Months back, MMTC, along with the NAACP, AFL-CIO, Communications Workers of America, League of United Latin American Citizens and the Sierra Club, put its full weight behind supporting the proposed merger. In comments presented to the FCC, Honig stressed his organization took this unprecedented action because it can benefit minority consumers by “alleviating the spectrum crunch and narrowing the digital divide”; minority telecom workers by bolstering AT&T’s diversity hiring practices; and minority broadband entrepreneurs since AT&T is an industry leader in procurement. The company was also seeking to include more minority entrepreneurs in spectrum auctions in which licenses are sold to enable operators to transmit signals. AT&T is one of BLACK ENTERPRISE’s 40 Best Companies for Diversity.
Simmons, co-chairman of the Internet Innovation Alliance, a broad-based coalition that promotes expansion of broadband availability and mobile connectivity, maintained that expanding minorities’ connection to the Internet would be consistent with the goals held by President Obama and the FCC to ensure full deployment of the next-generation (4G) mobile broadband networks across the nation to increase “continued economic prosperity and individual empowerment.”
Beside reviewing issues related to the merger, panelists also dealt with the paradox of the growing cell phone and Internet usage by African Americans but failure of that participation to be used for commercial benefit.
So what were proposed solutions to reverse the trend? Here are some of the recommendations:
- Use the Internet as a tool for entrepreneurship. Jamal Simmons says Black business owners must tap into the power of the Internet as a means of product distribution. In fact, he says entrepreneurs can transform brick-and-mortar operations into “digital storefronts.” He points to the example of Shane & Shawn, whose founders of the shoe manufacturer appeared on the cover of the January 2007 issue of BLACK ENTERPRISE. The company has generated more Web-based revenue than sales from their store in downtown New York. “Now they have found great success by moving their entire operation to the Internet,” he says. Other retailers should follow suit.
- Develop innovative content to educate consumers. Paul McRae, vice president of public sector and healthcare for AT&T, says expansion of broadband access can prove invaluable in providing “E-healthcare information and services.” The same approach can be applied to employment retraining and business development.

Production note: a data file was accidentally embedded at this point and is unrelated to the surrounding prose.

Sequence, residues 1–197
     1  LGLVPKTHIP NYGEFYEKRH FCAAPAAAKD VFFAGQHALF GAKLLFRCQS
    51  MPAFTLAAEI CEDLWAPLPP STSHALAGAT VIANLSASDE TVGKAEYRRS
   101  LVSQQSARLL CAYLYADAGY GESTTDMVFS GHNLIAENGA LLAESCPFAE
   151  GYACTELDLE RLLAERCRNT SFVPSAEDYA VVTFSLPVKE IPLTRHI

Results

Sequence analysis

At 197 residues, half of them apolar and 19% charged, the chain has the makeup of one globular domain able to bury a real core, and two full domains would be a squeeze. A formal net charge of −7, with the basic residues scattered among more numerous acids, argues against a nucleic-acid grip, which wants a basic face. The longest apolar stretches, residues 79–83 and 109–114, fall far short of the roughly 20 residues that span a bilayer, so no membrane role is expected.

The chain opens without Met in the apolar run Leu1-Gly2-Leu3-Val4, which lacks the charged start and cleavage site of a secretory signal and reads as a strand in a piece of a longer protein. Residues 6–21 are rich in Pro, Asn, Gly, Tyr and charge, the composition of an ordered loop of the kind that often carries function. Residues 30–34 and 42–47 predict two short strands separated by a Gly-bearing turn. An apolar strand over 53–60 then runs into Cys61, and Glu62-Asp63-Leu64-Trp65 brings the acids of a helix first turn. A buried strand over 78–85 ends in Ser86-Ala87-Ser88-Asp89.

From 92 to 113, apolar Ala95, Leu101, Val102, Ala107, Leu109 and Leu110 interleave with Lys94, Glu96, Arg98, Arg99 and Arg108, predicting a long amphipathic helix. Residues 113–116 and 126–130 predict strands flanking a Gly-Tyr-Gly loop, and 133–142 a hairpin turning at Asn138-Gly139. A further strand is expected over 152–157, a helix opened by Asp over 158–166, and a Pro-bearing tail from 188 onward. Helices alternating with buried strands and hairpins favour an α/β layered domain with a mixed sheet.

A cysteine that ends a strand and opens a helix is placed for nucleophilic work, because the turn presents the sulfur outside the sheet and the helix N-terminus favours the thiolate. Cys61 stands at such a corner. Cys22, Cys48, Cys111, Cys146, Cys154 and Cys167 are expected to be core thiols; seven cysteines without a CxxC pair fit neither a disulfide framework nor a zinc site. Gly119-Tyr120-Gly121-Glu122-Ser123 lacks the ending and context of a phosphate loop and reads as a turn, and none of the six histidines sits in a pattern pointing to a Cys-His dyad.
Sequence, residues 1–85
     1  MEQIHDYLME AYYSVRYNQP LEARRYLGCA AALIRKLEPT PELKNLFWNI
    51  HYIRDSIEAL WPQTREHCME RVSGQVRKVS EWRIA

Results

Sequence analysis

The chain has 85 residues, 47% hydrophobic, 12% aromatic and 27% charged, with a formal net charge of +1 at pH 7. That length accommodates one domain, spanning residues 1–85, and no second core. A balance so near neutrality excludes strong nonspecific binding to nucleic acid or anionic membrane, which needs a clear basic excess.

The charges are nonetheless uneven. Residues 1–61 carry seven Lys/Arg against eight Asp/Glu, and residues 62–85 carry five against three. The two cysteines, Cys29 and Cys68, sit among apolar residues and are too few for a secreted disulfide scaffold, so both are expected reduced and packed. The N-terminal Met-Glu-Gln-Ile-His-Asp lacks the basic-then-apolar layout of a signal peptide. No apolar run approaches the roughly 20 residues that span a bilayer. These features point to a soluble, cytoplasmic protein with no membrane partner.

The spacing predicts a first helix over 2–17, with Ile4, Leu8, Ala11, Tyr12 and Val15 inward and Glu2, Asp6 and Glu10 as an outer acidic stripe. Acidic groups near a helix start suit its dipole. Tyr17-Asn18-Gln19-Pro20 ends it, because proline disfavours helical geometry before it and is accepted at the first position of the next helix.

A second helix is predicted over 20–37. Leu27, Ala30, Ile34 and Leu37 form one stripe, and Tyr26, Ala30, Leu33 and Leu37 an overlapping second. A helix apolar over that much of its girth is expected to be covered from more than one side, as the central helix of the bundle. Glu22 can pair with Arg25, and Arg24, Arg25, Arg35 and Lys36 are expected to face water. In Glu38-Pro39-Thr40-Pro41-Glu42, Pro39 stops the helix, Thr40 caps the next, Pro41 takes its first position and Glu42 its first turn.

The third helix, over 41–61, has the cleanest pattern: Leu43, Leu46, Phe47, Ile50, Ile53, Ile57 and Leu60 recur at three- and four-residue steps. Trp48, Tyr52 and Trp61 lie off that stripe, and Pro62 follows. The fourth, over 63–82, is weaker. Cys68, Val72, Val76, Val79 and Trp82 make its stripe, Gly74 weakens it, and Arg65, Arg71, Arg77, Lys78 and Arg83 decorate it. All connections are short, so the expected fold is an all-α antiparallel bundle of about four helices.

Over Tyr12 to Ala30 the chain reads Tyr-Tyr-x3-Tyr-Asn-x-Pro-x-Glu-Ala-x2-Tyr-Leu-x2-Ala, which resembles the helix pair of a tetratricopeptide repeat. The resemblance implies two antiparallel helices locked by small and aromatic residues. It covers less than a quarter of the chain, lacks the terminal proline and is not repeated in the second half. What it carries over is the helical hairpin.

- Robert Townsend believes content can serve as an empowerment vehicle in the digital medium: “We can use entertainment as a driver. Celebrity is sexy.” In partnership with One Economy Corp., a non-profit advocating broadband expansion and tech training in low-income communities, the veteran director produced the online drama, Diary of a Single Mom. The program, which reaches 700,000 users and features stars like Monica Calhoun, Richard Roundtree and Billy Dee Williams, deals with topics such as diabetes treatment, credit management and housing. As characters tackle these issues, viewers can access real-time, Web-based information and resources.
- Create partnerships to expand pipeline. Roundtable members agreed partnerships among business, government, academia and entertainment will be needed to move the needle. For instance, Ava Parker, chairman of Board of Governors for the State University of Florida, says educational institutions can facilitate creation of the pipeline of workers and business owners through STEM education and tech retraining programs. In fact, Parker, AT&T representatives and I seek to have HBCUs and their alumni networks play a large role in this initiative.
The aforementioned represent a few strategies from this productive session. Now, we must hold follow up conversations with our roundtable as well as groups like Black Innovation and Competitiveness Initiative, which I have written about in previous Power Moves blogs.
We must use technology as our great equalizer.